Wall Street Attacks Democracy How Financial Markets Increase Inequality Publication date : October 6, 2021
Georges Ugeux is a specialist in international finance, which he teaches at Columbia University School of Law. For seven years he was Vice President of the New York Stock Exchange, then founded Galileo Global Advisors, a company specializing in international consulting.
“November 24, 2020, in the midst of the global pandemic, the Dow Jones Industrial Average topped 30,000. Whereas the economy was facing a brutal recession, with unprecedented rates of unemployment and company bankruptcies, stock market indices rose to record highs and overlooked the accumulation of threats weighing on the economic, social, and financial stability of the planet.
This disconnect between the real economy and financial markets affects the very heart of our democracies. It is supported by several factors: the influence (and corruption) of political leaders by market participants; the short-term outlook of stock market performance which weakens infrastructures; the decision of central banks to sacrifice investors in favor of borrowers; the massive support given to large corporations and retailers to the detriment of small and mid-size companies and independents.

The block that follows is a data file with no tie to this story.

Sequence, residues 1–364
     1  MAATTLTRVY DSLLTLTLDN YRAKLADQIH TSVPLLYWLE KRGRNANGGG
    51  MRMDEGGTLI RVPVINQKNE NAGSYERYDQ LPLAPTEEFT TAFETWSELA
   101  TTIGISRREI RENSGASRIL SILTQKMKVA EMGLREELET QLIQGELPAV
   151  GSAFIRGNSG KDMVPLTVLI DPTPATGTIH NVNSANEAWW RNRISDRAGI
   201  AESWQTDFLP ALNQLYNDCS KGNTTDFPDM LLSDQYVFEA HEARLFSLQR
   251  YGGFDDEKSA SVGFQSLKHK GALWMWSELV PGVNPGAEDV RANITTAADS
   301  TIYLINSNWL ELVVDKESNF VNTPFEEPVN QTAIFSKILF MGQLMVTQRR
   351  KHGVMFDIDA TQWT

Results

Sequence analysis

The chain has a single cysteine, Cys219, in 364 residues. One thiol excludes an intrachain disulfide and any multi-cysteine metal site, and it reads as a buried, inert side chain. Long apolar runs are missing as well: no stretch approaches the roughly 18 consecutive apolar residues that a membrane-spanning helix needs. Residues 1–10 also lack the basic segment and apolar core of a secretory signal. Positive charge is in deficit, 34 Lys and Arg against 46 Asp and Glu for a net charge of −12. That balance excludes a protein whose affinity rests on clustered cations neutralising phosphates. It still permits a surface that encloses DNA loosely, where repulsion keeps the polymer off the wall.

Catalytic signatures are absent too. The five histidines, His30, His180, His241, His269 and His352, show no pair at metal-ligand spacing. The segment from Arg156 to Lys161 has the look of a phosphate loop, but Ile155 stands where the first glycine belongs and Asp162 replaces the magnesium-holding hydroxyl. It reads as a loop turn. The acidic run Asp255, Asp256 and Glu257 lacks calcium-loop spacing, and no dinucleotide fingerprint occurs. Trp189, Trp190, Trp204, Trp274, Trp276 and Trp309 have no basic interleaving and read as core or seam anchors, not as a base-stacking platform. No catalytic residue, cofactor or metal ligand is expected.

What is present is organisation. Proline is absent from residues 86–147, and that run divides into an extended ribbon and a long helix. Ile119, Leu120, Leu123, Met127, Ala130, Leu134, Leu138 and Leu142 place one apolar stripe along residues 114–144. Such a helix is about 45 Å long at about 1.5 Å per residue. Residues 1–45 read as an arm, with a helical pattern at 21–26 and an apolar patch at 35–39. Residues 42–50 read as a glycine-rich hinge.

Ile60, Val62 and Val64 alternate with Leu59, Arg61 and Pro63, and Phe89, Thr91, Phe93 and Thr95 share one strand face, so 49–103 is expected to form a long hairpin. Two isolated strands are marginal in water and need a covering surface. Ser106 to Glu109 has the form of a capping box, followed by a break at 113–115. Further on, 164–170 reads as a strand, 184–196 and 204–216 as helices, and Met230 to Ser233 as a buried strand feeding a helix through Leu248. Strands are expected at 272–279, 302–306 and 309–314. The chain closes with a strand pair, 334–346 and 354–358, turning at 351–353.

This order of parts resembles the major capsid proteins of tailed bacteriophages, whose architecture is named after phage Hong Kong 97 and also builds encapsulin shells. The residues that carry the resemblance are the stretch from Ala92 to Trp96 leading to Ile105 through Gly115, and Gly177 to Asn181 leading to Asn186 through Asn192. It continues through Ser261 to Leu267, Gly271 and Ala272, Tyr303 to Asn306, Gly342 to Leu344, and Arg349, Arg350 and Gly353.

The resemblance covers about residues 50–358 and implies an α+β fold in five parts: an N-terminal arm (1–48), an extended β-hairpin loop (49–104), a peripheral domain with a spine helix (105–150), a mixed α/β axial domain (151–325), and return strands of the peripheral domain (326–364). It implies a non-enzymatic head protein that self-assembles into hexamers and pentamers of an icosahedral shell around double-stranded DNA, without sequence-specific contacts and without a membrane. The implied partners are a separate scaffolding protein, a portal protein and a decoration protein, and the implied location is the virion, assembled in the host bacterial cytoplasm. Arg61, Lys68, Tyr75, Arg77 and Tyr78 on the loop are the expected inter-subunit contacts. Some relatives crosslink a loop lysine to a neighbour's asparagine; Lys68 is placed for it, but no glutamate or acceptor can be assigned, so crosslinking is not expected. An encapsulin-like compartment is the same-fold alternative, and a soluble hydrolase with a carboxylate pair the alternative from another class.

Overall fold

This year 2020 will have demonstrated that a new form of inclusive capitalism should take the place of “everything for the shareholder.” This revolution will be the only way to prevent democracy from going down the tubes.”